“And while He was still speaking, - ” verse 47 “ - behold, Judas, one of the twelve, came up - ” into the garden, into the dark, after midnight, in the middle of the night “ - with a large crowd - ” hundreds, an entourage of Roman soldiers, temple police, scribes, Pharisees, Sadducees “ - swords, clubs. Now he who was betraying Him gave them a sign, saying, ‘Whomever I kiss, He is the one; seize Him.’ Immediately Judas went to Jesus and said, ‘Hail, Rabbi!’ and kept on kissing Him.” Kept on kissing Him. “And Jesus said to him, ‘Friend, - ” that’s not the usual Greek word for “friend,” associate, comrade “ - do what you have come for.’ Then they came and laid hands on Jesus and seized Him.”
Jesus is hauled off to a trial. In the meantime, we follow the story of Judas and it is one sad story. Go down to chapter 27. Judas sneaks off into the night with the filthy money in his hand and no doubt the rest of the money that belonged to the little group of itinerant preachers. Verse 1 of 27, “when morning came, all the chief priests and the elders of the people conferred together against Jesus to put Him to death; they bound Him, and led Him away and delivered Him to Pilate the governor.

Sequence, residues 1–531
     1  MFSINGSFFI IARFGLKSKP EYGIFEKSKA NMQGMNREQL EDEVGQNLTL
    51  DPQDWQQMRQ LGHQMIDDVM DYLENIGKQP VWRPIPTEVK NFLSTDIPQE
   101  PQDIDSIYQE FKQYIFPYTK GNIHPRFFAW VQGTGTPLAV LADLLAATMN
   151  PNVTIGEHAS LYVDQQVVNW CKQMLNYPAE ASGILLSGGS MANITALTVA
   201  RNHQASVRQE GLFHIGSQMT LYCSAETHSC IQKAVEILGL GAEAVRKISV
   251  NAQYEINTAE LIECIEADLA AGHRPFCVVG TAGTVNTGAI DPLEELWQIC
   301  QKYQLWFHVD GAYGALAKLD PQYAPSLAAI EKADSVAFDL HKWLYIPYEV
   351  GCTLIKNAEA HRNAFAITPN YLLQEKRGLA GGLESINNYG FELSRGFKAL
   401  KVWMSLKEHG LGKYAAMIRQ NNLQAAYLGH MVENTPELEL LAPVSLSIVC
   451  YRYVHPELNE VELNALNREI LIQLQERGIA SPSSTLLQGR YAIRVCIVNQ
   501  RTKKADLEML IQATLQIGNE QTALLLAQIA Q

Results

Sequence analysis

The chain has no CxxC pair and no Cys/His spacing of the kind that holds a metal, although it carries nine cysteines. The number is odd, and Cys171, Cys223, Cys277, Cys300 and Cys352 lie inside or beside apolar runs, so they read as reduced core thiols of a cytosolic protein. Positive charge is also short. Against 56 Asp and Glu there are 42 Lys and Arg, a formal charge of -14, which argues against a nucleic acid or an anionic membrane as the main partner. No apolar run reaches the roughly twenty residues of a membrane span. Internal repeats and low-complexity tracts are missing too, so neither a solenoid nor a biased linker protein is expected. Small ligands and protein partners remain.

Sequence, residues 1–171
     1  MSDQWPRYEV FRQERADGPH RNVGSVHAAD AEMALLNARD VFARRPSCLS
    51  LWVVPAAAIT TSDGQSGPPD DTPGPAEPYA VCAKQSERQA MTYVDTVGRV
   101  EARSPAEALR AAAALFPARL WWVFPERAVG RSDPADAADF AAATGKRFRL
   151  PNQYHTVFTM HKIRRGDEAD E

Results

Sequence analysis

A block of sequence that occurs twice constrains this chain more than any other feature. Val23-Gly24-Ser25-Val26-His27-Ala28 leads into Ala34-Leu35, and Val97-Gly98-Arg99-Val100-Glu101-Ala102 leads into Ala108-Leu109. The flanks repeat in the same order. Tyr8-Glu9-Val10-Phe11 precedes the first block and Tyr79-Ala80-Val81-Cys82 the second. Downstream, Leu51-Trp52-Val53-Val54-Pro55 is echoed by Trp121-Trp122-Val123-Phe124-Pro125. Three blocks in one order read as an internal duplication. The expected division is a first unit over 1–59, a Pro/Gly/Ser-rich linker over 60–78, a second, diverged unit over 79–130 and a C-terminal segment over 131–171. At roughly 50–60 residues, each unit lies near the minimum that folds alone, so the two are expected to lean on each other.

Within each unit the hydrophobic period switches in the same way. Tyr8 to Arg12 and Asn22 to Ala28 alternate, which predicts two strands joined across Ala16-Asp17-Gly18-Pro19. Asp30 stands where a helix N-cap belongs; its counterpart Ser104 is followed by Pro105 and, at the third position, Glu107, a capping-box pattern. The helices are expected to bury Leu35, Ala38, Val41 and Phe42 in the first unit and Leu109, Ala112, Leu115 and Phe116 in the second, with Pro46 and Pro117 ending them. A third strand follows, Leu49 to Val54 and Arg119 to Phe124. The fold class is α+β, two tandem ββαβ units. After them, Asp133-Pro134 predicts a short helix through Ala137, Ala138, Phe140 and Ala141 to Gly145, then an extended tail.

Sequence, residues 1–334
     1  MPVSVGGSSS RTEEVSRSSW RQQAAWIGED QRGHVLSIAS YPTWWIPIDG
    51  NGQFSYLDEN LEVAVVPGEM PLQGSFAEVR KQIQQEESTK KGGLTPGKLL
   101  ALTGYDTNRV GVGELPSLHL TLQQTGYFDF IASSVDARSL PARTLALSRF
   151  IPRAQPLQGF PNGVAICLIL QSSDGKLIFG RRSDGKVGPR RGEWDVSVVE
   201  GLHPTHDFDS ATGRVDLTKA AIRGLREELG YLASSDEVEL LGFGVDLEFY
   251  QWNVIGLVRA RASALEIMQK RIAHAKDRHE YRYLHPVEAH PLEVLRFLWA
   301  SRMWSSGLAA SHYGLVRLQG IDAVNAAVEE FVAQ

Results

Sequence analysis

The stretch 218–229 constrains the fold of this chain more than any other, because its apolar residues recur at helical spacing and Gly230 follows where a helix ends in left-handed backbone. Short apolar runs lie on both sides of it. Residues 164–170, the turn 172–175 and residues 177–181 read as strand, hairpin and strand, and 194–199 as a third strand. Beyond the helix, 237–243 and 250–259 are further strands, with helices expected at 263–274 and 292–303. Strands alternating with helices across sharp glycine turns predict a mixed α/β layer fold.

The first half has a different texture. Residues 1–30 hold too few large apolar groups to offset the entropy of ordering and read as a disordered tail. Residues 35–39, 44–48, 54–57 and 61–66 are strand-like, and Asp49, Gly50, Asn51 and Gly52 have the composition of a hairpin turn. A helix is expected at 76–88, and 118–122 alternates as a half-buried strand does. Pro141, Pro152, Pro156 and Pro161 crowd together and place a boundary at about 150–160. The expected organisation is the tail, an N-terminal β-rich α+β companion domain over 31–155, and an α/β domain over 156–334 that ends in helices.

“Then when Judas, who had betrayed Him, saw that He had been condemned, he felt remorse and returned the thirty pieces of silver to the chief priests and elders, saying, ‘I have sinned by betraying innocent blood.’ But they said, ‘What is that to us? See to that yourself!’ ” We don’t care. “And he threw the pieces of silver into the temple sanctuary and departed; and he went away and hanged himself. So the chief priests took the pieces of silver and said, ‘It is not lawful to put them into the temple treasury, since it is the price of blood.’ ” All of a sudden they have become righteous.
“And they conferred together and with the money bought the Potter’s Field as a burial place for strangers, and that’s still called the Field of Blood to this day. This then is that which was spoken through Jeremiah the prophet being fulfilled: ‘and they took the thirty pieces of silver, the price of the one whose price has been set by the sons of Israel; gave them for the potter’s field, as the Lord directed me.’ ” The Old Testament had prophesied that in the prophets, actually specifically in Zechariah.